Apple Updates MacBook Air and Current Generation MacBook Pro with New Hardware

Apple today updated MacBook Air with the latest Intel Core processors, faster graphics and flash storage that is up to twice as fast as the previous generation.* MacBook Air is the ultimate everyday notebook, and with new lower prices it is more affordable than ever. The current generation 13-inch and 15-inch MacBook Pro have also been updated with the latest Intel Core processors and powerful discrete graphics from NVIDIA. Apple’s popular AirPort Express has been redesigned to include features previously available only in AirPort Extreme.

“Today we’ve updated the entire MacBook line with faster processors, graphics, memory, flash storage and USB 3 connectivity,” said Philip Schiller, Apple’s senior vice president of Worldwide Marketing. “We’ve made the world’s best portable family even better and we think users are going to love the performance advances in both the MacBook Air and MacBook Pro.”

Kingston Intros New DDR3 1600 12GB Memory Kit

Kingston is out with its newest 12 GB triple-channel DDR3 memory kit. Unlike the last time, when the company came out with a three-module kit consisting of 4 GB modules, with the KHX1600C9D3K6/12GX, the new 12 GB kit consists of six modules. What is also noteworthy, is that the new kit costs a fraction: Around 350 Euro versus over 1000 Euro.

The six 2 GB modules are cooled by the classic Kingston HyperX heatspreaders. They are rated to operate at 1600 MHz (PC3-12800) with DRAM timings of 9-9-9-27, with module voltage of 1.65V, along with Intel XMP support, making them just about ideal for socket LGA-1366 desktops and importantly, 2-socket workstations.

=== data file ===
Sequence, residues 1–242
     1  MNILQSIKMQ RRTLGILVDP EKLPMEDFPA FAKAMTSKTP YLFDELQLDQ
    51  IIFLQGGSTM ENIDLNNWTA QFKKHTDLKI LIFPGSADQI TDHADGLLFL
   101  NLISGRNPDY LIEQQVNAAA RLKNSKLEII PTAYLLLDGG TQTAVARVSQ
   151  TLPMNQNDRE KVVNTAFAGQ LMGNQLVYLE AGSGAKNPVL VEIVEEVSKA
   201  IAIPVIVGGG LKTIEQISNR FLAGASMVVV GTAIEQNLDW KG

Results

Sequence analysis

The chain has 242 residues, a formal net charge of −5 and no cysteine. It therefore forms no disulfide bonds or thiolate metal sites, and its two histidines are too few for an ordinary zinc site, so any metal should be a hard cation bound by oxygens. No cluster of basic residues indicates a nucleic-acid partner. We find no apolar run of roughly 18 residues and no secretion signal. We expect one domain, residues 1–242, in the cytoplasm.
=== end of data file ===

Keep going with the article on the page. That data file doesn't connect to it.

Patriot Memory Announces the DDR3 12 GB Tri-Channel Viper Kit

Patriot Memory, a global provider of premium quality memory modules and flash memory solutions, today announced their DDR3 12 GB Tri-Channel Viper kit.

Designed specifically for the Intel Core i7 processor/Intel X58 Express Chipset, the Patriot Viper 12 GB kit has been built to excel for the Core i7 triple channel tehcnology. The Patriot Viper 12 GB are hand tested extensively on X58 motherboards to ensure maximum compatibility and supreme quality. The kits will be offered in 1333 MHz and come in both CL7 and CL9. "With all memory slots utilized in all three channels, the Core i7 brings the effectiveness of a server to mainstream desktops, and for a fraction of the price, says Benny Chea, Patriot Memory's Applications Engineer. Mr. Chea went on to say, "Multi-applications users will appreciate the increased bandwidth."